The course of study followed by students at Coward College differed substantially to that provided at Wymondley. Students, who now had to matriculate at London University (from 1836 named University College, London), no longer received their entire education from just two tutors. Instead, during the first three years of their five-year course most of the time was spent attending classes at University College. Students studied Latin, Greek, and mathematics in their first two years, Hebrew, Greek, and natural philosophy in their third year, and Hebrew, philosophy of the mind and logic in their fourth year. Thomas Morell delivered exegetical lectures on the Greek New Testament and church history to the first and second year, and Biblical criticism and Christian evidences to the third year. The Biblical criticism lectures continued into the fourth year, when students began courses on doctrinal theology and homiletics that were completed in their final year. Some students were keen to take advantage of other courses on offer at University College. In 1841 three of them petitioned the trustees for permission to attend German lectures, while two others wished to join the Arabic class. Until 1847 the trustees helped prospective students to matriculate and paid their matriculation fees, but for the remainder of the period students were expected to have matriculated before applying to the College.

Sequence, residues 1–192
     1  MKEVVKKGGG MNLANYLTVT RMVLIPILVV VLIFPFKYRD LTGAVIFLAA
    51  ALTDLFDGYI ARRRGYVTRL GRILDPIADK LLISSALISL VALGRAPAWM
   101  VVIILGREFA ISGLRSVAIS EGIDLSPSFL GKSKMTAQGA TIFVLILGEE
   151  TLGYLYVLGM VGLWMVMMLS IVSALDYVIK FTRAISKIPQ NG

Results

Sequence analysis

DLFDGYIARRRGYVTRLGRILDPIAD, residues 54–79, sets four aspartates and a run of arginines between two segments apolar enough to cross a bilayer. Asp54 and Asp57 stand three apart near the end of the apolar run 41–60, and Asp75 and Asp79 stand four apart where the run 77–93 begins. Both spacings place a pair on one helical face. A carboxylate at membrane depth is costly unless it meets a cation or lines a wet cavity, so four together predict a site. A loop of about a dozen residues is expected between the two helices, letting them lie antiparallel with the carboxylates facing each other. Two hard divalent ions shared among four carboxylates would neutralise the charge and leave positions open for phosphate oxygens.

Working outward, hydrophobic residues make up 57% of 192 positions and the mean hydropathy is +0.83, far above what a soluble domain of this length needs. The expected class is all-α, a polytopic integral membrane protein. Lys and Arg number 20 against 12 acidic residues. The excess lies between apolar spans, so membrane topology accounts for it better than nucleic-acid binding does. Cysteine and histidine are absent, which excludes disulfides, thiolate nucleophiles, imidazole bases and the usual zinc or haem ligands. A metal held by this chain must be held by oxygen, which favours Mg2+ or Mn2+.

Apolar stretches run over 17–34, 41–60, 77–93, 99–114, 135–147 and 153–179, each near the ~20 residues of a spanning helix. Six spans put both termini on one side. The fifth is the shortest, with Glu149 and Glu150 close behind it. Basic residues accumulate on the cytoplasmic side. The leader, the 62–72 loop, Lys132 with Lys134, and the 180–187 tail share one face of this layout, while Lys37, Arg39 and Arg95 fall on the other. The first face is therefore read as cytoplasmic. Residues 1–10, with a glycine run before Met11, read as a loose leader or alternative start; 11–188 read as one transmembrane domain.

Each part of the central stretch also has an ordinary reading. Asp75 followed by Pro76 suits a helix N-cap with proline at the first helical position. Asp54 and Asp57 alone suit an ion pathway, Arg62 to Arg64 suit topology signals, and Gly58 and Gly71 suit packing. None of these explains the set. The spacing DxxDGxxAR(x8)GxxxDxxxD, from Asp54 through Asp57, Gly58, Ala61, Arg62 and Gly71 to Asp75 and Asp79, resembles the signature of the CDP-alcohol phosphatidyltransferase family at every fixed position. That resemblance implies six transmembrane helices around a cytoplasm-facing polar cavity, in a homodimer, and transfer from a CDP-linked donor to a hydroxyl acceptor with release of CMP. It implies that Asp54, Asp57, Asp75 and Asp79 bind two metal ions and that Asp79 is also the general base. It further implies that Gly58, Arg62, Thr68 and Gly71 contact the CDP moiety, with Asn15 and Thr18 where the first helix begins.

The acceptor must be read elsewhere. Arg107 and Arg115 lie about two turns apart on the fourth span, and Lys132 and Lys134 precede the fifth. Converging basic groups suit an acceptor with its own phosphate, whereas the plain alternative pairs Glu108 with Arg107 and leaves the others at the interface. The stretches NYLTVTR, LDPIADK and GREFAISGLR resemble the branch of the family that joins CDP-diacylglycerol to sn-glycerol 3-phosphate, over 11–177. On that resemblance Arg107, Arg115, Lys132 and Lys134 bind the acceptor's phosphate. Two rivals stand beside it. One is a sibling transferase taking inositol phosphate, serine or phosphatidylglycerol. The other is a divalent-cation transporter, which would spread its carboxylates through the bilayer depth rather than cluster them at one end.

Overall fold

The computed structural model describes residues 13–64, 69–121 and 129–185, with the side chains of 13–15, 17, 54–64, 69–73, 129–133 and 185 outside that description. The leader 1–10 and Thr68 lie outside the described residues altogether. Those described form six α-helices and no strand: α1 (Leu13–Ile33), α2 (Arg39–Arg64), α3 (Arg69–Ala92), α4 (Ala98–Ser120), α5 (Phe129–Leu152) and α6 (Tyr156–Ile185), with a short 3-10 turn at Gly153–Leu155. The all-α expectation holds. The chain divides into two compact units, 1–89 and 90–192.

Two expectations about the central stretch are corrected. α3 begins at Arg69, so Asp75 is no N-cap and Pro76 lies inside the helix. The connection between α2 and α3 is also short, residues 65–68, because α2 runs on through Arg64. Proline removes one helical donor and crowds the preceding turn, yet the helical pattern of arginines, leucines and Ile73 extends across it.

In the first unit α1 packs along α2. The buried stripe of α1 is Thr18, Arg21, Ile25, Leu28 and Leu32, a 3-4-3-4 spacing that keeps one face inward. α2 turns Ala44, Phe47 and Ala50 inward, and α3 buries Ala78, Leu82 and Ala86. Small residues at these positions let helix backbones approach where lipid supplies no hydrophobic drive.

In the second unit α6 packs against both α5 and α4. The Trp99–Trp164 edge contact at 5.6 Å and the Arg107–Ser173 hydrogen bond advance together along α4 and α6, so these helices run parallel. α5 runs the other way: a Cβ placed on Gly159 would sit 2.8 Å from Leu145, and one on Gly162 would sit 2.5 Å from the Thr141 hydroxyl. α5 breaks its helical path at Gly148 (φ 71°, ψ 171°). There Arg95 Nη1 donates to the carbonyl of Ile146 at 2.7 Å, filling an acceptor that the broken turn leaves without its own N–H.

The College library was transferred from Wymondley, and contained volumes acquired by academies supported by the Coward Trust, notably Doddridge's academy at Northampton, Daventry Academy, and Wymondley Academy. It was, in the words of Geoffrey Nuttall, 'nothing less than magnificent', rivalling 'any gentleman's library anywhere' (Nuttall, 42). The scientific apparatus that had been so useful at Wymondley was rendered redundant by the new arrangements. By the time it was transferred to New College in 1850 it was thought more useful as a collection of artefacts illustrative of the history of science than as an aid to practical instruction.